• Just do it – This Nike slogan has been one of my favorite mantras. Sometimes, you’ve just got to put yourself out there and “do the darn thing”. It won’t be perfect. It may not be as rehearsed as you would have liked, but put yourself out there. Take a chance. We only live once. I work in a fast-paced environment where we often sacrifice 100% quality for getting it done and out the door. If perfection is holding you back, let it go because nothing is perfect. I, myself, am a “recovering perfectionist”.
  • Channel all parts of you – I’m a parent, wife, daughter, sister, friend, aunt, cousin, niece, manager, mentor, exercise enthusiast, cook, reader, etc. As a parent, I’m used to raising my children, being nurturing/loving, setting boundaries, and teaching and directing them. Parenting is hard, but I’m confident that I’m raising my kids the best I can. I channel the parenting part of me in my role at work. I’m confident in my relationship with God and His purpose for my life, which I channel in my work. The confidence I’ve developed in the various parts of my life adds to my overall confidence bucket and greatly impacts how I demonstrate my confidence to the world.

My assumption in writing this post is that women are working in environments where they are expected to share ideas and contribute knowledge which will ultimately impact an agency’s bottom line. In my line of work, it’s getting citizens the help they need.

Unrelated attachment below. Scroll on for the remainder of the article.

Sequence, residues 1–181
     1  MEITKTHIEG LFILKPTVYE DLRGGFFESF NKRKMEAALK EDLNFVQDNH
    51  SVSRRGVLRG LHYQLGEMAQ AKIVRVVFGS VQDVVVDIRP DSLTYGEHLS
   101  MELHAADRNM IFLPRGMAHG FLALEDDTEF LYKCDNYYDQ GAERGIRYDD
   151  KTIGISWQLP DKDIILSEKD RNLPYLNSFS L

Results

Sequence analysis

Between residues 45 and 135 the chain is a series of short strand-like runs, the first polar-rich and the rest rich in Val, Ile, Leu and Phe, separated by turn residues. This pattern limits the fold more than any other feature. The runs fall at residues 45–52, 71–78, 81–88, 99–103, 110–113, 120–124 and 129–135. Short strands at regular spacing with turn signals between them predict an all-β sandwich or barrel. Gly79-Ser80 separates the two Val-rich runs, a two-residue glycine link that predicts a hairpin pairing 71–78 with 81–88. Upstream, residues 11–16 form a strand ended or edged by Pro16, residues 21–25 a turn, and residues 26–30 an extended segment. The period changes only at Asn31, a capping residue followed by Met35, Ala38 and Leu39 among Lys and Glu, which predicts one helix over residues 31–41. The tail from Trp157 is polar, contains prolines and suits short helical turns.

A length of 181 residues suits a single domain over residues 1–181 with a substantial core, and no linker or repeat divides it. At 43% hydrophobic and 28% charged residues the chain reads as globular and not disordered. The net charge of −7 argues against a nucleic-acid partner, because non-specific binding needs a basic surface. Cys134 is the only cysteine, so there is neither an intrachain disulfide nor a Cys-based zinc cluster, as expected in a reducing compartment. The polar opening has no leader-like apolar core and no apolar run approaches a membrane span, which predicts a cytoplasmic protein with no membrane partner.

Please feel free to share your challenges and successes with building confidence.

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Fall is in the air

As I look at my overgrown vines and potted plants, I think our front stoop resembles a quaint cottage, which is perfect for fall. Fall is in the air. I’m so ready for sweater and scarf weather, acorn squash, cornbread dressing, and cozying up in the house with my loved ones watching tv. Truth be told, I’ve been ready since August and so has my daughter, Elise. In fact, Elise wants to go straight to Christmas. She already gave me her Christmas list. She’s been listening to Christmas music. One of my team members told me recently that my office smells like Christmas. Yep…on purpose. 😁

There’s been an article circling on my social media feed indicating that putting Christmas decorations up earlier may make you feel happier (read it here to find out why). I’m not going as far as putting up Christmas decorations in October, plus my husband won’t have it. However, we generally have our Christmas tree out by Thanksgiving. We slowly add the other decorations over the following week, but the tree has to be out and decorated.